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“Shaun!” called Becks. “Dr. Abbey just called! They’re opening the lab door!”

“Awesome!” I shouted back, barely a second before gunfire started from the direction of the lab. I fell back several yards, pulling another gun from my waistband and holding it out behind me. “Reload?”

“Thanks.” Becks snatched the pistol from my hand, taking aim on another of the infected. “So this is fun. This is a fun time.”

“Sure.” I fired twice, taking down two more zombies. I was about to shoot a third one when Joe came bounding into my line of fire. He grabbed a zombie by the leg, shaking so hard that the entire leg came off. The gunfire continued behind him, but for Joe, the party was all out here in the hall.

It probably says something about Dr. Abbey that she named her massive black English mastiff after her dead husband and used him for illegal medical experiments. I’m not sure what it says, exactly. I just know that Joe is now functionally immune to Kellis-Amberlee—he can get sick, but he can’t go into conversion—and that meant that the enormous, angry carnivore now spreading zombie guts around the hall was on our side. Thank God for that.

“That’s disgusting,” said Becks, and shot a zombie who was continuing to advance on our position, ignoring the chaos behind him. “Oh, jeez. Is that a spleen?”

“I think that’s a spleen, yes.” I fired one more time, taking down a zombie that had gotten a little too close for comfort. Joe looked toward the sound of the shot, ears perked up questioningly, and barked once. “It’s cool, Joe. We’re not hurt.”

“How cute. The giant dog is concerned.”

“Someone’s got to be.” I leaned against the rail, watching Joe work. The gunshots from behind him were starting to taper off. Only three zombies that I could see were still making any real progress, and all of them were badly wounded. Becks raised her gun to fire. I pushed her arm gently down again. “Let him have his fun. He’s had a long day, and he deserves the chance to kill some things.”

“If you say so.” Becks looked at me, seeming to tune out the sounds of slaughter coming from the hall in front of us. She frowned. “You have blood in your hair. And on your face.”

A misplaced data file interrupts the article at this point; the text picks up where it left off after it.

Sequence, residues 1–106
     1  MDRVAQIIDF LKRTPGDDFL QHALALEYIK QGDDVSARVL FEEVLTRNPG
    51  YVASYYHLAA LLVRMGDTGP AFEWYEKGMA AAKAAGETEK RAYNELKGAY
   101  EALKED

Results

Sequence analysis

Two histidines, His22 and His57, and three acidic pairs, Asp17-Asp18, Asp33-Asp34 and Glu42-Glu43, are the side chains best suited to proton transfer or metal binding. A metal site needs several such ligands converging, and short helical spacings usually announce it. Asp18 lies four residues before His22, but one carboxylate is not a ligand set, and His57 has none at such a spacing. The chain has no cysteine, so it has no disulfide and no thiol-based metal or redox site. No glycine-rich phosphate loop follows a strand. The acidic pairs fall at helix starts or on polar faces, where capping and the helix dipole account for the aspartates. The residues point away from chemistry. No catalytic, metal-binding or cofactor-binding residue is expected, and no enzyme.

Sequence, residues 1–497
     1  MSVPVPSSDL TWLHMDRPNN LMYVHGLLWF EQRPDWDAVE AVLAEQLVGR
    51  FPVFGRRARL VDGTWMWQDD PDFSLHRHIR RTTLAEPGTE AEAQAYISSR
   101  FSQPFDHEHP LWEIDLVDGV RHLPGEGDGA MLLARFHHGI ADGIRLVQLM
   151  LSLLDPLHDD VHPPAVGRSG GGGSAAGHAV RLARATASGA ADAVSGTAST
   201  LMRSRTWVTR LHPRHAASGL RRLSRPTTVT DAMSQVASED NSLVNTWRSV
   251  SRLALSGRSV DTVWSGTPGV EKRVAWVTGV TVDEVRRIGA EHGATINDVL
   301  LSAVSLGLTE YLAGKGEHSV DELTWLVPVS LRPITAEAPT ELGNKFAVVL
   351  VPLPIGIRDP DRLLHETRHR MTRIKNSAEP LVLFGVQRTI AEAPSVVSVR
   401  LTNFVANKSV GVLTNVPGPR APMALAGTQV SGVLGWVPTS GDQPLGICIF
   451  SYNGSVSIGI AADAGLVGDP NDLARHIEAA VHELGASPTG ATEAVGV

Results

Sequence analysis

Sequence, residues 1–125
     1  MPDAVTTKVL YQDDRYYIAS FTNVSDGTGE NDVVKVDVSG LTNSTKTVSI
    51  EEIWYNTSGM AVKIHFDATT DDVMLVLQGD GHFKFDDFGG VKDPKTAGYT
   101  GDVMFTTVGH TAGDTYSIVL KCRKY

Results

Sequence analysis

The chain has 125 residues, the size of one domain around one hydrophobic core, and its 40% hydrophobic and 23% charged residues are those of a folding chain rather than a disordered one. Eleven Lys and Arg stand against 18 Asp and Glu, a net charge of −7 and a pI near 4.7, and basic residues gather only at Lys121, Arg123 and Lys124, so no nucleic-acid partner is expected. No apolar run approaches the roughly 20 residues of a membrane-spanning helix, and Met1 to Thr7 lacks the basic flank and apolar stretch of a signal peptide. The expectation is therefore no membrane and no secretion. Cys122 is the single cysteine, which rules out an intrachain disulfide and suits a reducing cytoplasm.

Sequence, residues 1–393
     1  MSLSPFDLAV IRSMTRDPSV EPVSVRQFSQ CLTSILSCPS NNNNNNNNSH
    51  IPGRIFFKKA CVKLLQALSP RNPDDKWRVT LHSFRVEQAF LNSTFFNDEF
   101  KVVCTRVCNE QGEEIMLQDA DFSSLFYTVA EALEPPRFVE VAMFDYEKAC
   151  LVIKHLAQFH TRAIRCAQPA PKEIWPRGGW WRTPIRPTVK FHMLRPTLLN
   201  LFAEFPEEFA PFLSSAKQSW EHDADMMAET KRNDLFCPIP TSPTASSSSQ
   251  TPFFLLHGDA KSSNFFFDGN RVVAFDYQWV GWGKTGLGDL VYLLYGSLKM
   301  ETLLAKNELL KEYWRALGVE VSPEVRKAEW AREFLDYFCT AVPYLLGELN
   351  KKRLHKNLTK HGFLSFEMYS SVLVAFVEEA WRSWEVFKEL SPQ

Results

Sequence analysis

“Great. I’ve been exposed. Dr. Abbey will be thrilled.”

The gunshots from the hall had stopped. Becks and I exchanged a look, nodded, and waited where we were for a few more minutes before starting to make our way in that direction. Joe barked again as we approached him, the sound only slightly garbled by the fact that he had most of a human throat in his mouth.

“Don’t talk with your mouth full,” I told him. He dropped the throat, chuffing happily, and fell into step beside us. I patted his blood-tacky head with one hand. “Good dog.” There was no possible way of minimizing my exposure at this point. I might as well just go with it.

Dr. Abbey, Alaric, and four of her technicians were in the hall, their faces covered by ventilator masks and eye protectors. “You made it,” she said, sounding unsurprised. “Are we secure?”

“Not quite. There are at least three shamblers on the ground floor, Mahir’s in the van, and Maggie’s locked in a storage room,” I replied. “Alaric? You okay, buddy?”

“Shaken, but intact,” he said.

“Good.” I looked to Dr. Abbey. “I’ve been exposed.”

“There’s a shocker.” She shook her head, shoulders slumping. She looked tired. That wasn’t normal. Not for Dr. Abbey. “Help with the cleanup, and I’ll get blood test kits for both of you. Shaun—”

“I know, I know,” I said. “I’ll be donating a few more vials to the cause of science.”

“We’re still leaving in the morning,” said Becks. I turned to blink at her. She shrugged. “There’s always something, isn’t there? We have to go. It’s never going to stop long enough for there to be a good time.”

“She’s right,” said Alaric. “Alisa can’t wait.”

“Well, then, I guess we’re leaving in the morning,” I said. “Let’s get this place cleaned up, and figure out what happened with the security. Oh, and can someone go let Maggie out before she kills us all?” I looked at the mess surrounding us, and sighed inwardly.

It was going to be a long night.

We lost over a dozen techs, Joey—people who’ve been working with me for years, people who trusted me to keep them safe. And for what? So I could learn some more things we already knew? This was my fault. Half the people who were bitten knew better than to engage the infected the way they did, but they believed the treatment I’ve been working on could protect them, and they weren’t careful enough. Looking into Laurie’s post-conversion eyes… it was enough to break my heart. Shaun Mason may hold the answer to this pandemic, but if he does, I haven’t found it yet.

I know you don’t think I should send them to Florida. I have to. We need to know what they used when they built those mosquitoes—and I need to know who built them. If I can pick apart their genetic structure, we may stand a chance in hell.

—Taken from an e-mail sent by Dr. Shannon Abbey to Dr. Joseph Shoji at the Kauai Institute of Virology, July 24, 2041.

I don’t know how much longer I can do this. I don’t know how much longer I can keep convincing my team that I can do this. I don’t know how much longer I can trust myself to keep them alive.


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